Hyperacusis Research was excited to partner with the  Hearing Health Foundation to administer a grant for a literature review focused on hyperacusis and mechanisms of volume and intensity processing in the auditory pathway.

There were several key objectives of the literature search. First, the goal was to provide definitions for each disorder (noting that there may be multiple definitions for a single disorder) and whether there is a prevalence among papers for specific definitions . Next the paper gives a comprehensive background to each disorder and gives examples of each condition. Finally the paper provides a proposed mechanism or demonstrated etiology.

Richard Tyler

Richard Tyler

The principal investigator for the grant was Dr. Richard S. Tyler from the University of Iowa, Department of Speech Pathology and Audiology, who partnered with Brian C. J. Moore to complete the work. We were excited about this choice as Dr. Tyler and his department at the University of Iowa has an outstanding 30 year history in tinnitus and hyperacusis research.  He was the first to show that tinnitus patients often have hyperacusis. Dr. Tyler completed the review and a preliminary version is available in the American Journal of Audiology in two parts: Part 1 – Definitions and Manifestations, Part 2 – Measurement, Mechanisms, and Treatment.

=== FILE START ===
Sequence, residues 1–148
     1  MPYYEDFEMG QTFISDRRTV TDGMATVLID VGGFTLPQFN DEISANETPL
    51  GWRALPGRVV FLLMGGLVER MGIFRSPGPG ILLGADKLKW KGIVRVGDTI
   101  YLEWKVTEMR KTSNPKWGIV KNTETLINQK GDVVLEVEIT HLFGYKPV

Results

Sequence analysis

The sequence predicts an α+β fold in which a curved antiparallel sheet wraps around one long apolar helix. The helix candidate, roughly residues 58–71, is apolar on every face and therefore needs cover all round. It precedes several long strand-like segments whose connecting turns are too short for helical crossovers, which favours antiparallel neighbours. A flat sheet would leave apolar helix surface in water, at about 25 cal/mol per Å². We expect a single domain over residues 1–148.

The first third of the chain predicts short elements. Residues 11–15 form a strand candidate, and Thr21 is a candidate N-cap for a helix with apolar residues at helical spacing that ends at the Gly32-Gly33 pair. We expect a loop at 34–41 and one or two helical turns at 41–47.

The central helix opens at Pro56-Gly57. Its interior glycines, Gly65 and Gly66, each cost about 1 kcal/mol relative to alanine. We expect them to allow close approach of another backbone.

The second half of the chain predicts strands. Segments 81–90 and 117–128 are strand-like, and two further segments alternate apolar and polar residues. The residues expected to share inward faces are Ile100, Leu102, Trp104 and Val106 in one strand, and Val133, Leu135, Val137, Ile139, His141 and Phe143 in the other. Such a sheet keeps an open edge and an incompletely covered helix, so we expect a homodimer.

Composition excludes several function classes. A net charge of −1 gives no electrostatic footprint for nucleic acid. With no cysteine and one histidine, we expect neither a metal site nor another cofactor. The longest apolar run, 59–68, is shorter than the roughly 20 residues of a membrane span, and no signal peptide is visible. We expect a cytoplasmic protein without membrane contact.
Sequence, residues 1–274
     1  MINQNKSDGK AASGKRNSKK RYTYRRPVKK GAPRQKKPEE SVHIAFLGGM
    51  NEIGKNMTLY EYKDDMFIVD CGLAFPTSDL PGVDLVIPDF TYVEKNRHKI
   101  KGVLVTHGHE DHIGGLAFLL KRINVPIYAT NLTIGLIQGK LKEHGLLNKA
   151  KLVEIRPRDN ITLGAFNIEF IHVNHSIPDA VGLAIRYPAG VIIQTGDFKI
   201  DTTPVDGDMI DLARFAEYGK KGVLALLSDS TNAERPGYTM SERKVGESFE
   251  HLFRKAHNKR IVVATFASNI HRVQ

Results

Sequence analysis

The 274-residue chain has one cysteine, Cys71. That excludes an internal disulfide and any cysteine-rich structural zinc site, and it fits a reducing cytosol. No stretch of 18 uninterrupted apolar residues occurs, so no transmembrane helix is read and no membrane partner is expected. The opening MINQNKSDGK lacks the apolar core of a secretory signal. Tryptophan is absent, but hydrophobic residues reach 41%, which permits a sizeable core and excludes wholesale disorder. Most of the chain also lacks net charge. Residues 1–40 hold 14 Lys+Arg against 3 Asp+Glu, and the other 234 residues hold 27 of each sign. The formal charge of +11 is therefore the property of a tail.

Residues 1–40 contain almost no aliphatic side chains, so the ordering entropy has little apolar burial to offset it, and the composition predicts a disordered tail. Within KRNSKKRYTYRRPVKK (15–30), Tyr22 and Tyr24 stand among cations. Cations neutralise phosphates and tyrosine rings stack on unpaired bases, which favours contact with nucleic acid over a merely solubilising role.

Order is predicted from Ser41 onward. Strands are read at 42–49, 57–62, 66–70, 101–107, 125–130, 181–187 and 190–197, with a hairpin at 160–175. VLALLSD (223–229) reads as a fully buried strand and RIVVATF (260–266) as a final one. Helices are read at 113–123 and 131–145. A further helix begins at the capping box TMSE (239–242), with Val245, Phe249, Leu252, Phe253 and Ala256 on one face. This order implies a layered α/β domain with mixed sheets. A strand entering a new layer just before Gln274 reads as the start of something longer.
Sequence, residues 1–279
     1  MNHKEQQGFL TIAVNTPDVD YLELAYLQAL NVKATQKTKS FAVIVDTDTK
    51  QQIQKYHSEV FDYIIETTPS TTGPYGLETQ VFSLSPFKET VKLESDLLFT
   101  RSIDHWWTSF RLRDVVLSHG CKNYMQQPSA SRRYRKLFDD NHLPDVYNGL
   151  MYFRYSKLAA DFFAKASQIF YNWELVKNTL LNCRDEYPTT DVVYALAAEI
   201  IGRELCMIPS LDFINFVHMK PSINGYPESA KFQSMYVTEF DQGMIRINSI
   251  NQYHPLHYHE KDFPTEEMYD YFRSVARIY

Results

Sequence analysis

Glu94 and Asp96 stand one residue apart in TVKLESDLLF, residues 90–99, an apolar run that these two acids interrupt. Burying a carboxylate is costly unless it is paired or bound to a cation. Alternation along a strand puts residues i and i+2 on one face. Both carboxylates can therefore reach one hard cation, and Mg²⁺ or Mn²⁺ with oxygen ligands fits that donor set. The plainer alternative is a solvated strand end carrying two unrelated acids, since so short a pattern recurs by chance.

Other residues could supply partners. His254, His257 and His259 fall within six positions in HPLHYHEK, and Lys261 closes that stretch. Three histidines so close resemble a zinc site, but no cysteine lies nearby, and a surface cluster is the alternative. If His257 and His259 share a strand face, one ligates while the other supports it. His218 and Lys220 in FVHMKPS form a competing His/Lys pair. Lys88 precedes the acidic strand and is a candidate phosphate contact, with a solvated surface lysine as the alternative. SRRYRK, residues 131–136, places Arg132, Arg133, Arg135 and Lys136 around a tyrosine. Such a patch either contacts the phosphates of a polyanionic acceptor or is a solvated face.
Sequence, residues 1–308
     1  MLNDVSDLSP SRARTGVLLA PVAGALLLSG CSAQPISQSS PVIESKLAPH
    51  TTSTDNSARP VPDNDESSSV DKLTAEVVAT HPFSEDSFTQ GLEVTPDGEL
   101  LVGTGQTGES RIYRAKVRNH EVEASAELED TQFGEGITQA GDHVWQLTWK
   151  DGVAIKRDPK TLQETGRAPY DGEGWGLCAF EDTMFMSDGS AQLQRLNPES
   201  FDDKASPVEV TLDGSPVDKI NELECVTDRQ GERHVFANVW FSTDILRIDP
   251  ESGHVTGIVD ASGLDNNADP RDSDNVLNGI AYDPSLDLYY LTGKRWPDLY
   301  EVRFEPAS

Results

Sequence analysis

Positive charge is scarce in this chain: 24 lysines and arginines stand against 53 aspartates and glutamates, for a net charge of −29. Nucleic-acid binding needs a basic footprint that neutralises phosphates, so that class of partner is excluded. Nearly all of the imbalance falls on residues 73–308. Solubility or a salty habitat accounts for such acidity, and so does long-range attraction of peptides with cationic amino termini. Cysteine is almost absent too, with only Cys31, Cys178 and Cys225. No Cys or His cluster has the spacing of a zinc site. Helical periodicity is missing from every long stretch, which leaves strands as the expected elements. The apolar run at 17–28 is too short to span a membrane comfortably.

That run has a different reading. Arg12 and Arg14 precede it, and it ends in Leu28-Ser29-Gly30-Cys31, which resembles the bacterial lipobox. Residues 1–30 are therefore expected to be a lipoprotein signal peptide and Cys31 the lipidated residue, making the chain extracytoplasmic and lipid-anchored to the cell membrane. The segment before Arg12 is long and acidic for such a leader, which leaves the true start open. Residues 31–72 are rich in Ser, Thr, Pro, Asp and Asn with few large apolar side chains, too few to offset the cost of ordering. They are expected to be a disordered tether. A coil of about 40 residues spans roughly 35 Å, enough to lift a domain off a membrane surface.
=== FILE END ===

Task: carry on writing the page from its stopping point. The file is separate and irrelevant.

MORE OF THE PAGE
For more details on Dr. Tyler see his website at the University of Iowa. Click here to read an article on Involuntary Volume in the Hearing Health magazine which highlights the grant.

Why do a Literature Review?

For researchers, this literature review effort is a vital initial step when attempting to move a research effort forward that has faced significant challenges in making breakthrough discoveries. The time spent getting an up to date published summary is essential for ensuring the next efforts we fund are headed in the right direction and not redundantly covering ground others have already investigated.

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